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I am trying to determine if a patent attorney truly needs to know anything about computers or software at all to write a good software patent?

The way I see it, all software is a method or a system?

But methods and systems are fundamental to patents and well predate computers and software.

Hence any attorney should be able to draft a good software method or system patent?

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Your argument is "generic" - according to its logic, any attorney should be able to draft a good patent about anything because statutory classes are fundamental to patents and predate the technology in question.

It's not the technology itself that a patent practitioner needs to have expertise in, but how to describe and claim inventions in that field while avoiding all known pitfalls and rabbit holes. Because the pitfalls and rabbit holes differ from field to field, expertise is required. Ideally, the practitioner should have studied many past cases in the field before getting down to work on drafting a particular application.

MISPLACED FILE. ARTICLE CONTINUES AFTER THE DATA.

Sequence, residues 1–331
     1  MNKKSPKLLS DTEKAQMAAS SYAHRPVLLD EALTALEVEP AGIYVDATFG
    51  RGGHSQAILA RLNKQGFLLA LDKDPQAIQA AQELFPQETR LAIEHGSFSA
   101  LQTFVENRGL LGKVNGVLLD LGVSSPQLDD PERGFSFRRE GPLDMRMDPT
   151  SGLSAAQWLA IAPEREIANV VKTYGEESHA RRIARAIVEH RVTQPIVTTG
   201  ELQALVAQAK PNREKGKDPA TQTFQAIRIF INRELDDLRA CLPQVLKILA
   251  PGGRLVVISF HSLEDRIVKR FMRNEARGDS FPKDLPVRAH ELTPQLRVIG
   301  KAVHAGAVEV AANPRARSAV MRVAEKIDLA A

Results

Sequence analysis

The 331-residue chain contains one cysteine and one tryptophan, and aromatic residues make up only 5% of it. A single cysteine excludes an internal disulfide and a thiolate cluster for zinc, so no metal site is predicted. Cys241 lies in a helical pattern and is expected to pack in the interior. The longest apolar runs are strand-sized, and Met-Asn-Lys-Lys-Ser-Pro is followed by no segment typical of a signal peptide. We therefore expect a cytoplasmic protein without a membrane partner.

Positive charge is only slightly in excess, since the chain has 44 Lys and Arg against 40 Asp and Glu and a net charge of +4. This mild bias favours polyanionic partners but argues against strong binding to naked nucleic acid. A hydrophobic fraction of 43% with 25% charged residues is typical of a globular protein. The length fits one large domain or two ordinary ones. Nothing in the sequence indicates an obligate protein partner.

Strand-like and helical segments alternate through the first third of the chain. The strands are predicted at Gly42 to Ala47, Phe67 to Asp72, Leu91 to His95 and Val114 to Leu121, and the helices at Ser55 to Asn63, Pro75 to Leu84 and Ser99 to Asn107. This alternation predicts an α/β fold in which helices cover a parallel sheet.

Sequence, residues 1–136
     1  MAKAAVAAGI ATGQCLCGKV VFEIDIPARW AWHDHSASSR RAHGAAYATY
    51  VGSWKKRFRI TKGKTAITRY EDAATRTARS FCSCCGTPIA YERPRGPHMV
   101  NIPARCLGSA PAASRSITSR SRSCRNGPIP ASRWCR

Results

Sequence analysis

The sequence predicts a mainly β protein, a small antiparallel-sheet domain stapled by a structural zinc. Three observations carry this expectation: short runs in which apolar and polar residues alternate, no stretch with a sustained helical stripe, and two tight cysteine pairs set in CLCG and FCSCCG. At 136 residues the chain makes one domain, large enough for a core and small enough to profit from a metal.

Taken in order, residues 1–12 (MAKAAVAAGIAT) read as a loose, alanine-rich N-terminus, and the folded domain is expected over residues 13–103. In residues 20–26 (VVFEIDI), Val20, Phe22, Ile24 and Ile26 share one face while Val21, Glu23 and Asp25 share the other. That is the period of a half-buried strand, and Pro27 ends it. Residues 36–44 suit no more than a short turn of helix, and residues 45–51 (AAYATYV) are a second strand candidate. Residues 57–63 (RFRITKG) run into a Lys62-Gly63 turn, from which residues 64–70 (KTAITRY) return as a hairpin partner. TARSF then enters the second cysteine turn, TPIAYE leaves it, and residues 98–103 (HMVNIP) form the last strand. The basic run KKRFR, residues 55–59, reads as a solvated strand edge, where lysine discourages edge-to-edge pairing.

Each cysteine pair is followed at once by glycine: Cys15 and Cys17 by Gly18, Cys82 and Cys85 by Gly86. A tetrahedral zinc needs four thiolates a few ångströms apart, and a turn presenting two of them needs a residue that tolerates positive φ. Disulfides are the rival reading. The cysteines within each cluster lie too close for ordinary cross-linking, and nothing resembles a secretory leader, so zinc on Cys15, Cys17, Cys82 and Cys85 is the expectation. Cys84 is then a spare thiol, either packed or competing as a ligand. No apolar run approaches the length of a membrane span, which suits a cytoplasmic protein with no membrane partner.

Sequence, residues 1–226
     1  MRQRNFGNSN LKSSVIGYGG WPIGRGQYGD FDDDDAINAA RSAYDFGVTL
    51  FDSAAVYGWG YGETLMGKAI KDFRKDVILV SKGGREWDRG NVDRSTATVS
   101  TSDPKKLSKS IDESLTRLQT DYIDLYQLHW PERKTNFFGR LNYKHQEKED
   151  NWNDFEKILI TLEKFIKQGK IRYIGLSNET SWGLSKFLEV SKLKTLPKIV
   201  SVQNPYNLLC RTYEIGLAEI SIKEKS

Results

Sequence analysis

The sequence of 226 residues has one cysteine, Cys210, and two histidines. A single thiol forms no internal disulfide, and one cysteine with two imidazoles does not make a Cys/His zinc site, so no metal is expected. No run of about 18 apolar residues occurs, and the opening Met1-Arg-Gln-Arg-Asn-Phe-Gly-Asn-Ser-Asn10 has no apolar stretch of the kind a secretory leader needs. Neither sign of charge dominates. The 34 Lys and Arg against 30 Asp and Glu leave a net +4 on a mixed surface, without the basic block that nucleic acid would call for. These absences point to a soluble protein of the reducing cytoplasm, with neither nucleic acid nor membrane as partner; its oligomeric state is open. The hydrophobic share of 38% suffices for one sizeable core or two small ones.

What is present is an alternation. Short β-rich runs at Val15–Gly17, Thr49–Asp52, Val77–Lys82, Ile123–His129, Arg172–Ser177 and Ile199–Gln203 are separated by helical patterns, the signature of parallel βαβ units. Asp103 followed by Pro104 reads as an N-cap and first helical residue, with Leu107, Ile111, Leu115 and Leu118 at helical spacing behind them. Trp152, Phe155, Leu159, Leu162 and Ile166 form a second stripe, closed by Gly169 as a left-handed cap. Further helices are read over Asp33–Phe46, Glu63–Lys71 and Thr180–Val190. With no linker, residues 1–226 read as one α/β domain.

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I am not a lawyer. "Software" patents are very often based on algorithms and mathematical equations are not patentable since they are considered abstract. In order to get software related patents granted, patent attorneys have found specific techniques and wordings that avoid common reasons for rejection. For this reason, I think, more than most technical areas, software related patent applications are best drafted and prosecuted by an attorney with specific experience in the field. This doesn't mean the attorney needs a technical degree in computer science, but I do suggest experience and success in drafting software patents is important.

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  • But let's take Tinder's swipe patent. That has nothing to do with mathematics or some algorithm. It's purely a method or process? So If Tinder's swipe is my invention, do I not an attorney that specializes in software? Commented May 16 at 0:57
  • @BearBileFarmingisTorture I think so because "do it with a computer" type patents aren't allowed anymore. In any case, I'm only an inventor, not a lawyer. I do have some software related patents however, and I was amazed at some of the odd constructions my lawyer used to assure patentability.
    – Eric S
    Commented May 16 at 1:06

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